Create a Space for Writing

Create a Space for Writing

One of the most important aspects of sinking into your writing is having a good place to do so. Those who are already in the habit of writing everyday probably need this less than those who are not in the habit. But there is no need to worry nor is there anything to feel bad about. Just find a good space that allows you to feel creative as one of your first big steps to writing.

 

1.     Try a cafe / coffee house: Yes, this is a cliché, but I love it! Every single time I sit in a place with the background noise of coffee grinding and brewing and a barista's iPod on an Indie shuffle put me in the best mood. Oh, very much yes. Being able to sit with a bunch of strangers experiencing the same moments and being able to eavesdrop on conversations and people watch (every writer I know loves this more than real life) is writer nirvana. No place is more perfect than a cafe. Scope out your local coffee houses. My favorite place near my home is Riverside Coffee in Clinton, NJ. There's a new place called Factory Fuel in Flemington, NJ that looks beyond amazing. When I want to go on a pretty drive, I go to Lambertville to Rojo's. I can write for hours in these places. So many fantastic ideas come quickly and naturally. There are times I wish I lived next door to or above a coffee house (in my next home, I will make sure I do!). If you live in or near NYC, you have a plethora of places. My favorite is Think on LaGuardia near NYU. There is always Starbucks. It's a good go to when there isn't a good local place.

 

2.     Sit outside: I know it's getting colder in some areas, but if you can sit outside for at least 10-20 minutes comfortably, then by all means write while you do. You will convene with nature and quiet your mind enough to find the flow and inspiration to write. I love sitting by a river. The sound of water flowing is beyond relaxing. I love sitting in my yard and staring at the trees and sun, and then I'm able to write. When I'm writing in nature, I also feel really happy. It's a marriage of complete joy.

 

3.     Carve out a space in your home: If you're able to, decorate an extra bedroom the way you see fit and the way that inspires you. If you don't have the extra space, find a corner or a table and begin to make a place you want to be, a place where you feel at total ease and peace. My bed is actually my favorite place, especially in the colder months. I can be under a blanket with my journal, computer, tablet, phone and music just sprawled out all around me. I am relaxed and cozy when like this and am able to write from an inspired place. The only pitfall I've encountered is on rainy days. I just fall asleep, which is not at all bad thing. Getting enough rest fosters creativity as well.

The most important aspect of finding the best space is to be at ease. It really doesn't matter where you write as long as it feels amazing to you.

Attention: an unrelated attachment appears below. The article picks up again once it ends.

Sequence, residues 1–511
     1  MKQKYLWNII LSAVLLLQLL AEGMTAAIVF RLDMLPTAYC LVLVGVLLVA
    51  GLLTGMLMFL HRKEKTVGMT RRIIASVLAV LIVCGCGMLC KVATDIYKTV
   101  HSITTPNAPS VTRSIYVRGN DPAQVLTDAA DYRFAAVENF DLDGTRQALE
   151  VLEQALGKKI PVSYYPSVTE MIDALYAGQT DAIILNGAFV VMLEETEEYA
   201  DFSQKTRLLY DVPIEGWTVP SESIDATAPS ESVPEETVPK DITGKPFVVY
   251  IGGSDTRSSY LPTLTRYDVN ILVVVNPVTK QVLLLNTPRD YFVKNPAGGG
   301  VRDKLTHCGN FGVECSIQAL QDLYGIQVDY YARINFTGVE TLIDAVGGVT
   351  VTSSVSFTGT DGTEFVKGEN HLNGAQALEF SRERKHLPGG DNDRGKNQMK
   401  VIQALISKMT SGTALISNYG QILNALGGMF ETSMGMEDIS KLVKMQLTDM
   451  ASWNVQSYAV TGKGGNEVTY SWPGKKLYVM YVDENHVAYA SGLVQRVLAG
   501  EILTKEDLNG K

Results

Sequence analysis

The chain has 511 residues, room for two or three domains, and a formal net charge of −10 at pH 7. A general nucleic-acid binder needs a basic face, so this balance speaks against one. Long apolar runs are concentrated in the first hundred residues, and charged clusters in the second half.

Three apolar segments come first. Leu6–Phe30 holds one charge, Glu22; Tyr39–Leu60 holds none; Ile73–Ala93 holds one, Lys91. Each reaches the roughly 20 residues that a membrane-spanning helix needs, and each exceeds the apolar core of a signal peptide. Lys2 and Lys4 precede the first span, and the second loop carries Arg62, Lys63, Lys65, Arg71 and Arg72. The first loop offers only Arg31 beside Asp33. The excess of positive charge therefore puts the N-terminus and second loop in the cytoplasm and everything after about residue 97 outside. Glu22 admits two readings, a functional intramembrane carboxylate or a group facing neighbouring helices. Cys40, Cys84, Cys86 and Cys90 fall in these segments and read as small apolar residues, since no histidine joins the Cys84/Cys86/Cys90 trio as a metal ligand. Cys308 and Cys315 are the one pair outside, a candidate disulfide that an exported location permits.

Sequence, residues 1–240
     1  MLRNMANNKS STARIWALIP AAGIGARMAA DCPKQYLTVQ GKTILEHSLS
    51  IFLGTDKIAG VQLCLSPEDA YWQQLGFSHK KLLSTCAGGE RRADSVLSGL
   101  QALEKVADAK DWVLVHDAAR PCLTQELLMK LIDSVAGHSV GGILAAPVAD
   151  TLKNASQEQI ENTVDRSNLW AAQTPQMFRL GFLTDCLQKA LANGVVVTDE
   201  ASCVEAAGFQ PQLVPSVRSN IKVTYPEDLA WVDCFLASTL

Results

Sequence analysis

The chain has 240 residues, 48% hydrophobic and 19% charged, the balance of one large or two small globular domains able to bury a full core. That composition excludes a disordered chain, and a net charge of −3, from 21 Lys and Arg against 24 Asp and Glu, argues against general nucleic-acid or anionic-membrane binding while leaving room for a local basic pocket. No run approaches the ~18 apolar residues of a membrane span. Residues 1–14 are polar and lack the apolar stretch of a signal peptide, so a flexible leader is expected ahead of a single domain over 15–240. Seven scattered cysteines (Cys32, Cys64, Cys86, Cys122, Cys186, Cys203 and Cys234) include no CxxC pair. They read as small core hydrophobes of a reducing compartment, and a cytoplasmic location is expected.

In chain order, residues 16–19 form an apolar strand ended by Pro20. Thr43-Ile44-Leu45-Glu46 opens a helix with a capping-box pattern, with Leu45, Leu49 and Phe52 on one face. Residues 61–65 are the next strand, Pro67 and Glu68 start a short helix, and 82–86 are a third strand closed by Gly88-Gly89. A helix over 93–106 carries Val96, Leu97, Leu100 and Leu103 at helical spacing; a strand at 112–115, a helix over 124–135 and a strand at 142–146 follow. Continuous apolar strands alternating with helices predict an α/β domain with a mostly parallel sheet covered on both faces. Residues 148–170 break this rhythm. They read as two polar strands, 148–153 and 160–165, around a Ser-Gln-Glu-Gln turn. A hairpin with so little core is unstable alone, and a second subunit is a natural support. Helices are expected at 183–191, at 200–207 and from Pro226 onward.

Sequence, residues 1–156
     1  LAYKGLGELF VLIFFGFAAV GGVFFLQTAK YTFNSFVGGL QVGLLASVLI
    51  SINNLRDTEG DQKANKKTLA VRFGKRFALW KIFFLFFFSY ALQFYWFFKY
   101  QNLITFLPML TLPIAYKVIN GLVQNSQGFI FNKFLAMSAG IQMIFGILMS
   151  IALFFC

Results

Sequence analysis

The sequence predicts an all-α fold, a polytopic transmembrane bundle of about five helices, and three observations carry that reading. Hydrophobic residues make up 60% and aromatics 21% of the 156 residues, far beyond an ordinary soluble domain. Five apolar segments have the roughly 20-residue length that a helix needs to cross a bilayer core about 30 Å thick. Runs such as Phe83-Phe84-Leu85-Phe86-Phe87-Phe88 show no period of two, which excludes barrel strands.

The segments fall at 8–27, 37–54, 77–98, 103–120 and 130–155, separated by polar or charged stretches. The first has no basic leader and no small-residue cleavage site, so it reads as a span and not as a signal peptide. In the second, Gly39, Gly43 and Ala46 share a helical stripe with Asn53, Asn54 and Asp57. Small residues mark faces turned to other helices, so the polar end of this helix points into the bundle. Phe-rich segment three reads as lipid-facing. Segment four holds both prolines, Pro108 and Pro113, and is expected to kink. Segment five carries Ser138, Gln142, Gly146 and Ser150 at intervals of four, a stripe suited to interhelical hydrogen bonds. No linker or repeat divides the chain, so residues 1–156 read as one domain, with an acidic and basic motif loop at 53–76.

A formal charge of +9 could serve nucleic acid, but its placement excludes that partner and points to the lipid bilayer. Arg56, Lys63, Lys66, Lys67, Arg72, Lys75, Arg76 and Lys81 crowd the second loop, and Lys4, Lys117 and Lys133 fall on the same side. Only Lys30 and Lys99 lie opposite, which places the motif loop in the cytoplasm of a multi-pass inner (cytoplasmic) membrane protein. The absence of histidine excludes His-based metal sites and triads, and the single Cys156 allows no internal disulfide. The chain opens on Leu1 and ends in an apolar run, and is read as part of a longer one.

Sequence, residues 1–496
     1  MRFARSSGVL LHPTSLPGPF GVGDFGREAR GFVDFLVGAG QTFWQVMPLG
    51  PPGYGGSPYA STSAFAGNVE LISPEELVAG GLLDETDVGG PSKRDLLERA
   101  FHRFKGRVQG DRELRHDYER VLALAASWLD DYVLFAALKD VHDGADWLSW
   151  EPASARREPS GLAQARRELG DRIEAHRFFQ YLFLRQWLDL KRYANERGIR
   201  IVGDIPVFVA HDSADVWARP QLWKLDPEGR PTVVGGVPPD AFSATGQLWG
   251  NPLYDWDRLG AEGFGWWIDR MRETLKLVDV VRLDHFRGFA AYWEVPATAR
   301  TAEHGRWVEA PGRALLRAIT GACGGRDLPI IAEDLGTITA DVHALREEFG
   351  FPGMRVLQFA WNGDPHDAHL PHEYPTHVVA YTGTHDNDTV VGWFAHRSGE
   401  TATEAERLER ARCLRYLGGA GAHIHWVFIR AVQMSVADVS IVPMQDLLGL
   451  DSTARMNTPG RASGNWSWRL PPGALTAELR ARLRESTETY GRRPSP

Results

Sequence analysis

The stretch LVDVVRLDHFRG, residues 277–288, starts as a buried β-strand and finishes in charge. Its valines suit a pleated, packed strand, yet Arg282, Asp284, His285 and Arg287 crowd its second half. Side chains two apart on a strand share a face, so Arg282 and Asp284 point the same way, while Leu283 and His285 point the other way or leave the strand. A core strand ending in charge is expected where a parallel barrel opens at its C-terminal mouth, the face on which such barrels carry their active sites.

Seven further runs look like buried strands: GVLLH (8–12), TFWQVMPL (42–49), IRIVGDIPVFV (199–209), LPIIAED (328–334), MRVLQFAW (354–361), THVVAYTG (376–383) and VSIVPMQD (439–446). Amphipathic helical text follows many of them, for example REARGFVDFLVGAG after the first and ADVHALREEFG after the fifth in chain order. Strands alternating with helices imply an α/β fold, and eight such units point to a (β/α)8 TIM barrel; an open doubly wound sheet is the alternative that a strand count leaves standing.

Happy writing!

Sometimes You Have to Hibernate

Monday Motivator: Sometimes You Have to Hibernate

Hole up. Say no. Read a book. Sit for hours writing, gardening, walking, meditating. Sometimes you need an extended time out for yourself. I like to consider it an emotional and spiritual hibernation. It's a necessity all of us need, but many don’t allow it. Let's change that!

We are a society of obligation. We must return those 2,000 emails, make all of those phone calls to friends and doctors and banks and schools, see family on our only day off, go to a movie you had no desire to see because it's your turn to take the backseat. We all do this and there is nothing wrong with any of it. It feels good to give and take care of business and clear up some of the space of thinking about what you have to do—accomplishment. But, I know I've said this before, when that is ALL there is, that's when the balance of health is shifted to the less than desirable side. That's when you need more time to yourself in order to evaluate what needs to happen.

I am emerging from one of these self-imposed hibernations. I have been fortunate enough to have completed my eleven years of teaching and to have the summer to recuperate. I have chosen to stay home often in order to write and reflect and regroup. Now that I've jumped and taken the gigantic leap to live life on my terms and to work the way that is in alignment with my core beliefs, I needed a big transition—the kind that you need to reevaluate your entire life and process all of the change. It’s an honoring of sorts. I also needed the time of not listening to the ideas of others too much and a place where I was not distracted constantly by the things of everyday life. In a way, it was my own version of a retreat except, it was done in my own home, on the couch in the living room, on the couch in the family room, in my bedroom away from the kids, with headphones and meditation recordings and favorite music, occasionally at the coffeehouse in town. No matter where it was, it involved my journal—always. That's the beauty of journaling and using writing as a therapeutic and meditative tool—it can happen any and everywhere.

I am aware that it is not always possible to have extended time to mostly hideout, but there are ways to take the time for you. You just have to find it. I have children, so my hibernation was only a partial hideout. I cannot, obviously, neglect the needs of my family, but I can certainly choose to do what is best for me as well. Now that I emerge from my recuperating period, I feel stronger, more capable to handle the outside world of other people's limiting beliefs. I have the inner-stamina to not internalize other people's crap and if I feel like it's too much, I always go within through writing. It saves me over and over.

Happy Monday and here's to our collective self-restoration! You've got this!

xoxo,

Angelique